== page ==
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  6. 21B

    21B Well-Known Member

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    If only it were that simple.

    The MHR had an unfortunate run of luck with locomotives, ownership and financial arrangements. This run of luck had its origins in various personalities who are no longer involved in the railway. It is always about people and their interactions isn't it? The consequences of that period of the railway's history remain with it to this day. It will be some time yet before all the problems can be resolved.
     
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  7. Big Al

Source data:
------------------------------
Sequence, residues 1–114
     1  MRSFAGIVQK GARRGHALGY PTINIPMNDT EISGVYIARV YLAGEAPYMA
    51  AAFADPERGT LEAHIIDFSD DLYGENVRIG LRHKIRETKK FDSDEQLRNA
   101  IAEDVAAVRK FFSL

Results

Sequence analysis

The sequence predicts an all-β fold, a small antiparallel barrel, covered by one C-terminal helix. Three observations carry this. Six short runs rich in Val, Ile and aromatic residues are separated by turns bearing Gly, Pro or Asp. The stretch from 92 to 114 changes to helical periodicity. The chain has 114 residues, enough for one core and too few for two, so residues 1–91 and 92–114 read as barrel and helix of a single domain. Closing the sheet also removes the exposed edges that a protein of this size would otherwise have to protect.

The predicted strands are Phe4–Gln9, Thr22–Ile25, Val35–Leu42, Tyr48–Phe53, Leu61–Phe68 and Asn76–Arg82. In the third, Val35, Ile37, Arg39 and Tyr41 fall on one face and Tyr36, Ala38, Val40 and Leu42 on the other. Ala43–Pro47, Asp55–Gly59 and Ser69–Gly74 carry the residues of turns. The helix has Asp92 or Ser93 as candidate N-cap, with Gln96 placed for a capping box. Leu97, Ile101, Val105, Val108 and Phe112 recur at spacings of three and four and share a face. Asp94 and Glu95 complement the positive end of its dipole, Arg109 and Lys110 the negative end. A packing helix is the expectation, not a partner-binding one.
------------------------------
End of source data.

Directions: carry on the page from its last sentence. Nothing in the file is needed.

Big Al Nat Pres stalwart Staff Member Moderator

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    I've no intention of either commenting on whatever the cost would be to restore 80150 or the detailed knowledge you seem to have regarding the condition of the locomotive. Just one point of information though.

    You say that the firebox patch was considered ok by Eastleigh in 1962 but that was 60 years ago. Fair enough but I think you should also consider that standards in 2022 are different and what was ok then may not be ok now.

    I've recently read an expert comment on a boiler related matter that suggests you take nothing for granted over historical 'standards' when it comes to restoring a locomotive so it's only when the work starts that the real costs become apparent.
     
  8. brennan

    brennan New Member

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    From such " agreements" comes much of the work of contracts lawyers. There's no such thing as a " watertight legal agreement"!
     
  9. 21B

    21B Well-Known Member